Ebla Maalim – An Adolescent Peer Educator
By Muktar Muhumed
Ebla Maalim – An Adolescent Peer Educator
Ebla Maalim, 15, escaped from early marriage in 2014 after her father tried to force her into marriage while still in primary school. With the help of her mother, Area chief and school head teacher she managed to get back to Sarif primary school. One year later Save the Children in conjunction with Population Council started implementing Adolescent Girls Initiative Kenya (AGI-K) project in her village and Ebla being eligible, got enrolled to the project. Through the AGI-K project she joined a safe space where together with other girls of her age was taught by a trained female mentor on several health and life skills topics among them female genital mutilation, early and forced marriage, sexual and reproductive health. Based on her experience and learning from the safe spaces, Ebla felt empowered and begun advocating for girls’ right in her community through sensitising her peer adolescent girls on the harmful effects of early marriage. With the support of teachers in her school, she mobilises and counsels girls of her age group every Thursday evening between 4.30pm and 5.15 pm on the importance of delaying marriage, resisting forced marriages, and the need to focus on education.
Story in the beneficiaries own words:
Ebla has the desire to counsel the teenage girls in her village with the aim of ensuring that all girls of her age who are vulnerable to early and forced marriages are protected against harmful cultural practice. She says she will continue with her sensitisation sessions till many girls are liberated and fully enjoy their rights.
“waxan raba inan nuqdo tii gabadhaha wax ushegto wayo xanunkeda aniga arke waxana filaya iney kuwabadan ilaqaban ama kudhici donta arintas fosha xun. Tegyera badan aan hasta xaga gabadha wax nabarto, macaliminta iyo hoyadey wana wada hadii ilah yirahdo”
(I want to be the one who informs girls because I saw the pain forced marriage involves and I think many girls have the same experience as me or might even be going through painful experiences. I have full support from my mentor, teachers and my mother and I will continue advocating and informing girls to resist early marriages if all goes well.’’)
Ebla will inspire many girls in her community by addressing in her own small way violence against teenage girls that are forced to abandon their education dreams because of early marriages. Her efforts of sensitising girls at school is acknowledged and appreciated by Sarif school administration.
“it’s something to be happy with when a young lady lectures her own school mates about gender violence issues that are rampant these days in the communities. This would be a breakthrough achievement for Save the Children’s project as the intended change in attitude will be realized.” Says the school head teacher Mr. Sugal Farah.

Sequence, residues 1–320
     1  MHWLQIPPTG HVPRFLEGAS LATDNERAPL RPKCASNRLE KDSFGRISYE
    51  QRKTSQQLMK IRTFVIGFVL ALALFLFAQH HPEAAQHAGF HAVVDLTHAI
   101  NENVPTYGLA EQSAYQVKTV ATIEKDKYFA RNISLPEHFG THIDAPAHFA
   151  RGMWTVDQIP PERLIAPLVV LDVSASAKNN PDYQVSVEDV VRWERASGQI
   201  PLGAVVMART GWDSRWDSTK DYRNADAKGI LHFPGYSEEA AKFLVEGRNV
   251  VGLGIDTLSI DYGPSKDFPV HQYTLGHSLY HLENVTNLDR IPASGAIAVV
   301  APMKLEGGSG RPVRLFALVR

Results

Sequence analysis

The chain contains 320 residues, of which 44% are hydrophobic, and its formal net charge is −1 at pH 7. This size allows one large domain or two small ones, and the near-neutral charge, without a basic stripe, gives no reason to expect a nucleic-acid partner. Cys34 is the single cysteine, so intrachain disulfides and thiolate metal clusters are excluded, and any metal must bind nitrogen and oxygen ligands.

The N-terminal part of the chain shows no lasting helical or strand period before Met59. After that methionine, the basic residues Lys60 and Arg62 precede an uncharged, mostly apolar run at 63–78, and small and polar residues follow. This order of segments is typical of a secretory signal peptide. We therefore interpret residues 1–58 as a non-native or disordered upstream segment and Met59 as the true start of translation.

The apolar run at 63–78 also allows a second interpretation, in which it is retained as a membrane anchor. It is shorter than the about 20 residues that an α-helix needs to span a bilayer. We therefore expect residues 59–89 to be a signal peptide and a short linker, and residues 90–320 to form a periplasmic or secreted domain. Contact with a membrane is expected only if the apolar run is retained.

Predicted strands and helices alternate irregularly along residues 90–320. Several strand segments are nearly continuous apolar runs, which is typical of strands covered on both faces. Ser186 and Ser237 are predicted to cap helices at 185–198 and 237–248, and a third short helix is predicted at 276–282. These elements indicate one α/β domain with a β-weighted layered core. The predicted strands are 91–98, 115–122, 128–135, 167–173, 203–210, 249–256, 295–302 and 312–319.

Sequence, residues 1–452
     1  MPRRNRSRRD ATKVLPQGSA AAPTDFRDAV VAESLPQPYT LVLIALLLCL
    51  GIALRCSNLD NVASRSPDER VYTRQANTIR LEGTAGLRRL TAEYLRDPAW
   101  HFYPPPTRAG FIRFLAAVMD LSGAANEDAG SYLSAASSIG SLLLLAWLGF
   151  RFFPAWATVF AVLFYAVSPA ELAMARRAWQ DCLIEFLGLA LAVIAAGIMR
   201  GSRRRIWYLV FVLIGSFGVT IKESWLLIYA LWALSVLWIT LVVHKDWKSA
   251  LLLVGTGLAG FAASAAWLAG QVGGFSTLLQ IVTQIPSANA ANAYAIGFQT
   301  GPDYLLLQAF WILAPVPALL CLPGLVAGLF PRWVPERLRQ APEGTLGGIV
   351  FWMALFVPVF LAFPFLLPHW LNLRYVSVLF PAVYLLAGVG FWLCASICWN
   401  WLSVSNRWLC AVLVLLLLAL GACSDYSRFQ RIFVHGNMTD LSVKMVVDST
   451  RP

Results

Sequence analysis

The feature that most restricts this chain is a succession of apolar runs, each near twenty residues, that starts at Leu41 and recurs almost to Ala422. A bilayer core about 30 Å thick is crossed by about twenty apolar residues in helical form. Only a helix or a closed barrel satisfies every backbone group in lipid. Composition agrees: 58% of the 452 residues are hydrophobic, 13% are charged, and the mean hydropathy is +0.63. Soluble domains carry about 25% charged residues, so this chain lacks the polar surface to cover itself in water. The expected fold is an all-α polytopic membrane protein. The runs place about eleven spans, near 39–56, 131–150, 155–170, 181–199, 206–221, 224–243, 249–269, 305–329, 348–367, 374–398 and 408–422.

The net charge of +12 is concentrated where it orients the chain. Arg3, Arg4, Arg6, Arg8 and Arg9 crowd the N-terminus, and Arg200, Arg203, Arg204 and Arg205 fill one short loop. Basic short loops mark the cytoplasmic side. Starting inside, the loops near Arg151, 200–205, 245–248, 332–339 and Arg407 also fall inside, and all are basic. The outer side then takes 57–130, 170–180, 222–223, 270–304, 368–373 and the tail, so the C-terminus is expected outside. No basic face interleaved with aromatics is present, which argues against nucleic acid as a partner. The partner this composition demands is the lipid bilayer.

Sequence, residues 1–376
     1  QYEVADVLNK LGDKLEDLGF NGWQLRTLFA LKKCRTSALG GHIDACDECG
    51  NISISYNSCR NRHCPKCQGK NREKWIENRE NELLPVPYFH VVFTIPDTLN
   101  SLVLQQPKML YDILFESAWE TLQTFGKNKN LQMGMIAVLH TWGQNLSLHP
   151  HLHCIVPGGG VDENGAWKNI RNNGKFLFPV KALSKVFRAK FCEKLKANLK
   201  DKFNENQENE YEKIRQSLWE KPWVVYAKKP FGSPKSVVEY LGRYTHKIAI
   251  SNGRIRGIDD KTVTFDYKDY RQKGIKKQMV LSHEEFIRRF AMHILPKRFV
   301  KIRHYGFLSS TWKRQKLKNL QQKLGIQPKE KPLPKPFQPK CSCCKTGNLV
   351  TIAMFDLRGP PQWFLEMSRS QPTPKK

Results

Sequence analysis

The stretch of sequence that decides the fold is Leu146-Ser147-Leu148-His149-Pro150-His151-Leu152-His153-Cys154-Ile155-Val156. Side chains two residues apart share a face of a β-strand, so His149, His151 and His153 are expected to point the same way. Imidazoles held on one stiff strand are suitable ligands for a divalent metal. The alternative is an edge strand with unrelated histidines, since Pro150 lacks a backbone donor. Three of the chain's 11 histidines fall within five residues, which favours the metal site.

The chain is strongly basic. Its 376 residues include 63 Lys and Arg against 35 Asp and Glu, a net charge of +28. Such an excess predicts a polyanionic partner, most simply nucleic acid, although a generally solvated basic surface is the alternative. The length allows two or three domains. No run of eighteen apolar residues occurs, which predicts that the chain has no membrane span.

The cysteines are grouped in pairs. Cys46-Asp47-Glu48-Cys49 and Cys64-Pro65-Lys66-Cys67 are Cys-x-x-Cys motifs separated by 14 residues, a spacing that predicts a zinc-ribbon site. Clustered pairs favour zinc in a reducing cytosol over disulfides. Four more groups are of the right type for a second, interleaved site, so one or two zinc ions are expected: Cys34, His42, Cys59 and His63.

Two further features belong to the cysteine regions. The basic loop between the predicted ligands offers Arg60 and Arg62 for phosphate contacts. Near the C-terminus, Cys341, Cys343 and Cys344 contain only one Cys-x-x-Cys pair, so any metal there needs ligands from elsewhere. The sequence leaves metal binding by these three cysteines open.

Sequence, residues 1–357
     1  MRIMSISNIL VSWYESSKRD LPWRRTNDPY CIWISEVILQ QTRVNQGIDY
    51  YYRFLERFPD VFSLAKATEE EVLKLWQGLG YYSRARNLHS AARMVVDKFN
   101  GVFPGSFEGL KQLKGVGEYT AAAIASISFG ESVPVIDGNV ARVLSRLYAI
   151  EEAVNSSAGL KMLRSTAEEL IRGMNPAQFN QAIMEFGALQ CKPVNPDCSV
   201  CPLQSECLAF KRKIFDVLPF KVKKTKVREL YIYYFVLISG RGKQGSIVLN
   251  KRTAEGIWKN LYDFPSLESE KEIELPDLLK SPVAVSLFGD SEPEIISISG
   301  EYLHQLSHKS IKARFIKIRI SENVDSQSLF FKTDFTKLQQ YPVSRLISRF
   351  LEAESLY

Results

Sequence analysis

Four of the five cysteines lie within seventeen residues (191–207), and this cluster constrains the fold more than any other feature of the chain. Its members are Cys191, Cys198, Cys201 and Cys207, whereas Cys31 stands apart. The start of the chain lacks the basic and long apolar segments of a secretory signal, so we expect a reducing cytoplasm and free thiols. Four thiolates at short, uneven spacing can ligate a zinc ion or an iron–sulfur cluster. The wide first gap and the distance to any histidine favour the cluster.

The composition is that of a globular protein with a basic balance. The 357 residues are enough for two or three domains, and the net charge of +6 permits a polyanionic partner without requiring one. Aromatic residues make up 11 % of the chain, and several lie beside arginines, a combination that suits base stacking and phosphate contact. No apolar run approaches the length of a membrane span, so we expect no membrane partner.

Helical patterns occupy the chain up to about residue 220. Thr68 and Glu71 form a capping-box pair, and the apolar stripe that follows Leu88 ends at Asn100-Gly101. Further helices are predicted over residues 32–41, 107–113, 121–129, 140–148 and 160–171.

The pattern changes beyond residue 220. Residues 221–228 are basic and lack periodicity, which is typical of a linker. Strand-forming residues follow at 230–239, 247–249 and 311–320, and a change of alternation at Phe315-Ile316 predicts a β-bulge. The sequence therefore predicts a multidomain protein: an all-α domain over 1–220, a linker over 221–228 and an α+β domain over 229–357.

The school administration sets aside 40 minutes on a weekly basis on Thursdays after classes for Ebla to engage with her adolescent peers.
Hawa Noor, her mother is determined to keep her daughter in school and was totally against the father’s decision of marrying her off. She says:
“Dadka iskumid maaho, kuwa jecel iney gabdhaha iguuriyan ayago yar kuwana waa aniga oo kale oo jecel iney gabdhaha wax bartan oo mustaqbal yeshan, halima waxan kudathali iney wax barato”
(“People are different, there are those who marry off their children at a young age while there are those like me who want their girls to learn and have a bright future, I will make sure Ebla gets educated.”)
Save the Children through the DFID-funded AGI-K program is promoting the well-being of young adolescents of ages 11-14 years in 79 villages in Wajir. By working with community members in these villages the AGI-K project seeks to support the communities through community conversation approach to identify key socio-cultural issues that affect adolescent girls in Wajir County. Additionally, the project has supported about 2,250 girls to access both primary and secondary education through conditional cash transfers as incentive to the households, schools and girls to routinely attend school and transition to the next level of education. Moreover, about 1,831 girls in 40 villages attend weekly classes held in safe spaces where they are taught by a trained female community member i.e. mentor on various health and life skills topics as well as financial education. These interventions have ensured that the girls do not only stay longer in school, transition to the next level of education, gain health and financial knowledge to make independent decisions but also are protected against harmful socio-cultural practices that prevent them from realizing their full potential as they transition from adolescence to adulthood.
The Program is being implemented by a consortium led by Population Council in partnership with African Population Health and Research Centre (APHRC), Plan International, Save the Children and Itad. Save the Children is the implementing agency in Wajir while Plan International is the implementing partner in Kibera slums within Nairobi County whereas Population Council, APHRC and Itad are the research partners.